6. AGO’s findings related to contract management, IT controls and financial controls in some of the agencies help us to focus our efforts to do better in these areas. The heads of agencies have reviewed each case and are taking steps to address the findings. Close attention will be paid particularly to recurrent issues. Where warranted, investigations have been convened to go deeper into the issues raised, and disciplinary actions taken against officers found responsible for wrong-doing. In cases where there have been overpayments, these have either been recovered or recovery action has been initiated. Agencies have also verified that no confidential data has been compromised as a result of the lapses in IT controls.
7. We are committed to stepping up efforts to address the issues identified by AGO. For instance, the Ministry of Home Affairs and People’s Association (PA) have taken steps to address the financial controls lapses highlighted by AGO, and ensure that their officers comply with the rules. Other efforts include:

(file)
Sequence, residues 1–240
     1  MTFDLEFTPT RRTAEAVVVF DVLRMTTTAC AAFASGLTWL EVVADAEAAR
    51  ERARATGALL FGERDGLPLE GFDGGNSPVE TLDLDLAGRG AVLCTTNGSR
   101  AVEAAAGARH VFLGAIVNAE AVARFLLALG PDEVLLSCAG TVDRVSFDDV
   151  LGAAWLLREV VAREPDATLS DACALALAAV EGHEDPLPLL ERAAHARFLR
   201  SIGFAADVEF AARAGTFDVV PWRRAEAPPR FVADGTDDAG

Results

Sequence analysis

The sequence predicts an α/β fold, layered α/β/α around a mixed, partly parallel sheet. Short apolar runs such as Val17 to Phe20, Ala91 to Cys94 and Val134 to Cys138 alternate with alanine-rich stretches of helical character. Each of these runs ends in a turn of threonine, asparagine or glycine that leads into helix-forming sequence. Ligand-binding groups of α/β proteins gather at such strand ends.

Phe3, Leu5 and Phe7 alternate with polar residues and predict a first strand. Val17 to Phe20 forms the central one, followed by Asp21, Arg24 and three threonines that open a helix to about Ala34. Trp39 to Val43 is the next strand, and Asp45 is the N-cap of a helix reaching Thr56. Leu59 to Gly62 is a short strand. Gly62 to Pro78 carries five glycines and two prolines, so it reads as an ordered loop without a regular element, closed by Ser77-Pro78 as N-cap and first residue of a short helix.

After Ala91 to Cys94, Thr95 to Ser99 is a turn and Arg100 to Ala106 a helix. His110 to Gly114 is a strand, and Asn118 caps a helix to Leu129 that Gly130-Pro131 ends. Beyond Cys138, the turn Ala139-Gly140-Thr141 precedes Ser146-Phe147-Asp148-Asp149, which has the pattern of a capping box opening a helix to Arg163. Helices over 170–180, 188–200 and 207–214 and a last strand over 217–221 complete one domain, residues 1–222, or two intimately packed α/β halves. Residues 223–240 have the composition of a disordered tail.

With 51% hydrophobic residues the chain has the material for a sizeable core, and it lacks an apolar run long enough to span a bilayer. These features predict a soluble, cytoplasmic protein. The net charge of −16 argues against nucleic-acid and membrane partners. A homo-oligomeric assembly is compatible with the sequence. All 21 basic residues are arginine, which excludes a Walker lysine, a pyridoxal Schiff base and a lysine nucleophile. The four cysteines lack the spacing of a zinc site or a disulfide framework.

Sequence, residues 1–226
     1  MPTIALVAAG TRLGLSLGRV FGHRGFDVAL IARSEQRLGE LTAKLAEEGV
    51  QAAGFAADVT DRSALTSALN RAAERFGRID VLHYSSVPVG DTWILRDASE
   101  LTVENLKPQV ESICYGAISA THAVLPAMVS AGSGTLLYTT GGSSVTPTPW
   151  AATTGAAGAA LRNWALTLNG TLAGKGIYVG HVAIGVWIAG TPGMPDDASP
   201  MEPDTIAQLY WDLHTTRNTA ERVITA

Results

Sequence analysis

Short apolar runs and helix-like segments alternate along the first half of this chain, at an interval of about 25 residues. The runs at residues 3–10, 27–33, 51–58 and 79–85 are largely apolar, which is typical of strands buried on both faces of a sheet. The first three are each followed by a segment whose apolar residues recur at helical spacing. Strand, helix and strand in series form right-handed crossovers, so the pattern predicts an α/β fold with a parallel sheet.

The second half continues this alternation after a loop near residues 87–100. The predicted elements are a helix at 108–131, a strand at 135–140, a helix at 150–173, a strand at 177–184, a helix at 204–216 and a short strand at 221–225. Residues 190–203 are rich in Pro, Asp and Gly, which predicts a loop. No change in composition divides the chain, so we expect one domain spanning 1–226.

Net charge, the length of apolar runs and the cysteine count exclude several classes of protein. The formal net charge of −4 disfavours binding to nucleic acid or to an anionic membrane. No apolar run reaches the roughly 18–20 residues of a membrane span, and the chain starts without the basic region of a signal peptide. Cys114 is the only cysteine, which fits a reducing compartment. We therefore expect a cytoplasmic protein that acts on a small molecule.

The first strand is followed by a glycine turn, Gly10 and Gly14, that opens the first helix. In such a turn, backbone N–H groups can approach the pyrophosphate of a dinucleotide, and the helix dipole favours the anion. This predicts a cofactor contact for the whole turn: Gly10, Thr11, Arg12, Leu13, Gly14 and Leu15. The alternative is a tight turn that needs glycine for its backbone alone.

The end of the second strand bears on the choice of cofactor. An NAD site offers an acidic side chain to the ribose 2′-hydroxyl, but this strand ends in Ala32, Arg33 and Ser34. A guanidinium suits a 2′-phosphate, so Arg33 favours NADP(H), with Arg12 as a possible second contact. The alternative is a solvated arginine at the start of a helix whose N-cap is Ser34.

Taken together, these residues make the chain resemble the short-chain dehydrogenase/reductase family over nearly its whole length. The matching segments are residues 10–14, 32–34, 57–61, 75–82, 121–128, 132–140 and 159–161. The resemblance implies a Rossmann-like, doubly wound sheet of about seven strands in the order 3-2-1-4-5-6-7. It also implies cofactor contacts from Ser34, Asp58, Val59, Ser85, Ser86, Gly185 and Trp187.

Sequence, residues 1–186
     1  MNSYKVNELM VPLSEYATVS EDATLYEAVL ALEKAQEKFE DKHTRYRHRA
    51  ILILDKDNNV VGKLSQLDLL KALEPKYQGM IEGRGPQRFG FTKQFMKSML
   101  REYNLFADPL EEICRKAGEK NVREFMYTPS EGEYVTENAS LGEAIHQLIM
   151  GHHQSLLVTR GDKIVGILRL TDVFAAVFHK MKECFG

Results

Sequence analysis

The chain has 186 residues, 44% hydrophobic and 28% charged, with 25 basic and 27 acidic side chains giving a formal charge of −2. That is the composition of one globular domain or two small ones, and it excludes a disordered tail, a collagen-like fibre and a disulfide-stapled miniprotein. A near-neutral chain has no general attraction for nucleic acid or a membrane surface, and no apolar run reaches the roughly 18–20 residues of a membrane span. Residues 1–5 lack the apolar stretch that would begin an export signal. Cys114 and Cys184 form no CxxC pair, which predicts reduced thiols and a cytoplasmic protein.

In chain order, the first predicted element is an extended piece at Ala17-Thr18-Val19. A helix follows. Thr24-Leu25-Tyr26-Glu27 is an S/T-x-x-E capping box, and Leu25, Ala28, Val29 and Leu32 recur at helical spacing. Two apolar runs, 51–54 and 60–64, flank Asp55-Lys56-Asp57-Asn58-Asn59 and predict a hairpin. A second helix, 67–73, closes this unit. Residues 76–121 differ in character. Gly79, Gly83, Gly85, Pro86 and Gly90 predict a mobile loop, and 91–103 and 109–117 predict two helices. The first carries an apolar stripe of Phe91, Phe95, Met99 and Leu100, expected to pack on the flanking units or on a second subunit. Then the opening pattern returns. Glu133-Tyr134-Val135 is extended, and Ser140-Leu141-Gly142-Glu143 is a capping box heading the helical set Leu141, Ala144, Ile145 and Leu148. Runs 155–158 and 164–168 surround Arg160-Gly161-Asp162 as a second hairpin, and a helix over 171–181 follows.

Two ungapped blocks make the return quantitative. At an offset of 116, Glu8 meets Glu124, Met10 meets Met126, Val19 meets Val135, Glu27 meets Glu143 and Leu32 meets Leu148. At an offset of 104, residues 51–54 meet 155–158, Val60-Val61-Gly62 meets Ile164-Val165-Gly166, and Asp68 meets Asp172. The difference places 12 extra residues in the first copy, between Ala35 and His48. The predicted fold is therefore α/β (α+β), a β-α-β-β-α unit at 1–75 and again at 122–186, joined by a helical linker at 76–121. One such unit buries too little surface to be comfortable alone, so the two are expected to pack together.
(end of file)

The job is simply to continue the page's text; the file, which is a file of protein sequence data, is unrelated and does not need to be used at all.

a) Improving the Management of Grants
Last year, the Accountant-General’s Department (AGD) developed a reference guide on grant administration to help agencies. Building on these efforts, MOF and AGD are currently working with agencies to improve grant management policies and processes, and facilitate the sharing of good practices. We will complete the review by this year.
NRF and A*STAR are working with key R&D grant administering agencies to develop an Integrated Grant Management System (IGMS) which will facilitate the monitoring of R&D projects funded by them, and improve the productivity of grant administration. The IGMS has been rolled out to several agencies and will be fully implemented by early 2019. NRF is also reviewing its grant management processes to address the gaps identified.